202: Tenant successfully challenges service charge despite landlord’s certificate being ‘conclusive’
The High Court has held that a tenant could challenge whether sums were properly due under a service charge, despite the lease containing a clause making the landlord’s service charge certificate ‘conclusive’.
The tenant, Blacks Outdoor shops, had covenanted in its lease to pay a ‘fair and reasonable proportion’ of the total service costs. At the end of each service charge year, the landlord had to provide the tenant with a certificate of the amount payable by the tenant.
The lease stated that the ‘certificate was conclusive in the absence of manifest or mathematical error or fraud’ and prevented the tenant from claiming any right to set-off or counterclaim of sums due under the lease.
The landlord provided service charge certificates, but the tenant did not pay the sums claimed during the course of the next two service charge years as there was a dispute. The landlord issued proceedings for summary money judgment against the tenant. The tenant counter-claimed that some of the works paid for by the service charge were unnecessary, and that some of the costs related to repair works did not fall within the landlord’s repairing obligations.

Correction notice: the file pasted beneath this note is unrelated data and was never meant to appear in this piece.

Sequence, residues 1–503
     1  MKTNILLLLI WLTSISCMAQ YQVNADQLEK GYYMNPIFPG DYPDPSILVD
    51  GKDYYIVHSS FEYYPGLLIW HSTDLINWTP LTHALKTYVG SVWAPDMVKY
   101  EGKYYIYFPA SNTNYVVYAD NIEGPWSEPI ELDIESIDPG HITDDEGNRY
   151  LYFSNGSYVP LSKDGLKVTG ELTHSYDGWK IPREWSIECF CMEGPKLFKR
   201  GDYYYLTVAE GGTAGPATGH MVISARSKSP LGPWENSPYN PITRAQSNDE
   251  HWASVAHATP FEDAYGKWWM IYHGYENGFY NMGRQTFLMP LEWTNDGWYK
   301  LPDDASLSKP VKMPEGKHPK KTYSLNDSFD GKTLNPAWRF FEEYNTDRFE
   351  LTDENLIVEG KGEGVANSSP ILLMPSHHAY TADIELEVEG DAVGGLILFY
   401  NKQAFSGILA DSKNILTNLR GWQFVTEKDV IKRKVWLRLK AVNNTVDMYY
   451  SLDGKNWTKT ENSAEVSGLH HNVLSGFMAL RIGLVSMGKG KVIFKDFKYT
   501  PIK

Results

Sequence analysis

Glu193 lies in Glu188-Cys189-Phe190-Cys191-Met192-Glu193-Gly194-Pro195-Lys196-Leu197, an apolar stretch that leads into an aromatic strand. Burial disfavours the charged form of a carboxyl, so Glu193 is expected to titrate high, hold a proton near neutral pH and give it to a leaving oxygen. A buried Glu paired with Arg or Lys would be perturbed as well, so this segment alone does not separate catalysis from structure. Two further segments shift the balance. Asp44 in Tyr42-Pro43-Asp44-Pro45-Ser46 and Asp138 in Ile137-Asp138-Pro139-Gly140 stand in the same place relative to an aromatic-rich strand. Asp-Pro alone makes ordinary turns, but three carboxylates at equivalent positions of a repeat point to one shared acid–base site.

The High Court held that the certificate was conclusive as to the amount of the actual costs incurred, absent manifest or mathematical error, or fraud. However, it was not conclusive as to the question of whether those costs fell properly within the scope of the service charge payable by the tenant.
It was not necessary to define exhaustively the circumstances in which a certificate was conclusive. It was sufficient to say that the certificate was not conclusive in relation to the matters raised by the tenant. The tenant was therefore entitled to challenge the sum claim by the landlord based on the certificates and the landlord’s appeal was dismissed.
This case is a useful precedent for a tenant where a landlord is relying on its own certification to prevent genuine disputes about the sums properly recoverable under the service charge.
Sara & Hossein Asset Holdings Limited v Blacks Outdoor Retail Limited  EWHC 1263 (Ch), 2020 WL 02541992